An electrical outlet is an example of what engineers call an abstraction. You plug something in and it gets power. You don’t have to think about hydroelectric dams or nuclear power. You don’t have to think about transformers or transmission lines. You don’t even have to look behind the wall. You just plug something in to the interface and it works.
But what happens when it doesn’t work? Things unravel pretty quickly. You may have to learn about fuses and amperage. You may have to learn how wires were run through your house to understand the load on each circuit. An abstraction that usually works for you has leaked and now you have to understand how things really work. Or at least hire someone who does. But of course hiring someone is its own kind of abstraction.
I first learned about leaky abstractions from Joel on Software. He explains that engineers often end up needing to understand how their abstractions work under the surface to deal with inevitable failures. More and more, however, I realize the advice in this article is relevant beyond engineering. The world is full of leaky abstractions.
While I am not writing much code anymore I find I still rely on a huge number of abstractions. I talk to one person as a proxy for an entire team. I communicate a decision and assume everyone will follow it. I sign a contract and expect all parties to fulfill their duties. These things work most of the time which allows us to scale. But each one also fails sometimes.
Avoiding abstractions entirely is impossible. It isn’t possible to build anything great without them. There isn’t enough time in a day to talk to every member of every team. I certainly can’t review the communication between all those people to ensure decisions are being executed appropriately. And I can’t even imagine the mechanism that would allow us to navigate complex topics like the law and finance without trusting third parties.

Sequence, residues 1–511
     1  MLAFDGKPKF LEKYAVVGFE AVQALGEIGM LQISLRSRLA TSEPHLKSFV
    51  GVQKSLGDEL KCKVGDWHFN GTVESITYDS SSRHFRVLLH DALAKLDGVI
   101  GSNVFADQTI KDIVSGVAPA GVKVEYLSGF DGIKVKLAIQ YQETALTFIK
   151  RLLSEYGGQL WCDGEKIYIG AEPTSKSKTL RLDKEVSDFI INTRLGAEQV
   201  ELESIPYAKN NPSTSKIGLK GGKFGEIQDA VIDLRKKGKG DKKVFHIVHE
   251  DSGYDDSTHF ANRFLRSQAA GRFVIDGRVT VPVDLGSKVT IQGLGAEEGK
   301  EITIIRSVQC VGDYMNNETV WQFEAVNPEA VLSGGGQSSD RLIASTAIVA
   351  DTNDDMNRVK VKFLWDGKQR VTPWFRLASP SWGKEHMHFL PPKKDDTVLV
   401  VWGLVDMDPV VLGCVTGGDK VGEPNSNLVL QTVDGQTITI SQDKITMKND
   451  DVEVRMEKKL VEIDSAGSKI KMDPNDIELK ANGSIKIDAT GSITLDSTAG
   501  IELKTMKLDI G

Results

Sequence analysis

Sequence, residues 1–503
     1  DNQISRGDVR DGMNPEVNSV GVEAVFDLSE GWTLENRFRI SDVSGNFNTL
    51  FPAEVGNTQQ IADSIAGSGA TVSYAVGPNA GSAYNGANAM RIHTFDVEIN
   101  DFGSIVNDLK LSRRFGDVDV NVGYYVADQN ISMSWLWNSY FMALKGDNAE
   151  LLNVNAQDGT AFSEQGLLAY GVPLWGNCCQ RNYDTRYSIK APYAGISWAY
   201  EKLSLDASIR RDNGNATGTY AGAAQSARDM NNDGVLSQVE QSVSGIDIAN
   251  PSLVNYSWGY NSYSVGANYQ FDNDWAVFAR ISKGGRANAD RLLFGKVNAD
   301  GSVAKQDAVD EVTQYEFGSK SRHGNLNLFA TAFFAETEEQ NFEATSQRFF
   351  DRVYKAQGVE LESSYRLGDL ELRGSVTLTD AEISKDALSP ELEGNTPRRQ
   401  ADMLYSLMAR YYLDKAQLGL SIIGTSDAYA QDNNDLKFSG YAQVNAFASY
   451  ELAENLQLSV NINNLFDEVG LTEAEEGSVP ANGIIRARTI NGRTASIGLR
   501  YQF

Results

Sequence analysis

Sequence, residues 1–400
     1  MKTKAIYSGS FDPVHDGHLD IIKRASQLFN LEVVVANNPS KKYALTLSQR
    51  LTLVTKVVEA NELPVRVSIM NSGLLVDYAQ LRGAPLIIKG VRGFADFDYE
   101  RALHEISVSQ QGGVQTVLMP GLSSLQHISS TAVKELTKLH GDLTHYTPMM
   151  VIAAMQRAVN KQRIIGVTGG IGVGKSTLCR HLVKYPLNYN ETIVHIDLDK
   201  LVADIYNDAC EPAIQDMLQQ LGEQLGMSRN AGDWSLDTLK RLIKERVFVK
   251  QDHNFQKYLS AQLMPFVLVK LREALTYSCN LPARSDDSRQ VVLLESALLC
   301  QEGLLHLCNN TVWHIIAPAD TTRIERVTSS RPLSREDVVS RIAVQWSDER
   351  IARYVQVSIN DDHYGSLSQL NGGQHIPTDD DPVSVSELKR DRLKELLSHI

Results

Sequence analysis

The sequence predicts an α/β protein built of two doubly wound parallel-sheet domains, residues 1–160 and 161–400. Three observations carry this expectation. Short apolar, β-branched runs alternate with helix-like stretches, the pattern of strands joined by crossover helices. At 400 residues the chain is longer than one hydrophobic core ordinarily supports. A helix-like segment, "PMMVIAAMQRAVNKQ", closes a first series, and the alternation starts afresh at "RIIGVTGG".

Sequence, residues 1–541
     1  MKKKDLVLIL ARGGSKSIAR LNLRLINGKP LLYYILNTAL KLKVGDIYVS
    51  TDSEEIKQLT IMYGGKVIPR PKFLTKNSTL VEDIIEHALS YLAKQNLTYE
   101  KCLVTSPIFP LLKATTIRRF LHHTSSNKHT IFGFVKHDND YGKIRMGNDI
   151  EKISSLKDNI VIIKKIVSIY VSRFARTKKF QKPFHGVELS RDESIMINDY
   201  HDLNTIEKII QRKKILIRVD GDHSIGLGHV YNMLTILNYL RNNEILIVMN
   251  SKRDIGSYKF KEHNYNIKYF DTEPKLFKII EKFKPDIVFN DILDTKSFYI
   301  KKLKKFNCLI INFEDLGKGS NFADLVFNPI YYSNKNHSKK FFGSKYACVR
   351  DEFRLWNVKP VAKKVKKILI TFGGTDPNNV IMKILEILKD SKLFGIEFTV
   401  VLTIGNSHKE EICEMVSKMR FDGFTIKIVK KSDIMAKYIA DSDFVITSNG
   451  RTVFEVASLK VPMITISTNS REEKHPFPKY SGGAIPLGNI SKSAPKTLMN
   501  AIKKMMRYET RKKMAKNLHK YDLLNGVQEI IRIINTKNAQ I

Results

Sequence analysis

But just because we can’t avoid abstractions doesn’t mean we have to be victims to them. Whenever you use an abstraction you have to understand the ways that it will fail. I may spend most of my time talking to a team leader but I also periodically check in with individuals directly and the team as a whole. I generally trust people are following decisions but we have periodic reviews to verify.
In my job I am sometimes asked “what keeps you up at night?” People expect me to talk about the competition or perhaps technical risk. But my answer is always the same: I worry that something on my team is going wrong and I don’t know about it.
I see this in other industries as well. People hiring public relations firms to try to tell their story only to find out that firm has its own baggage. Political campaigns that accept contributions they didn’t intend to. Businesses hiring consultants to be more efficient but disenfranchising their own leadership in the process. When politicians ask leaders “how could you not know this was happening?” I just think to myself about leaky abstractions.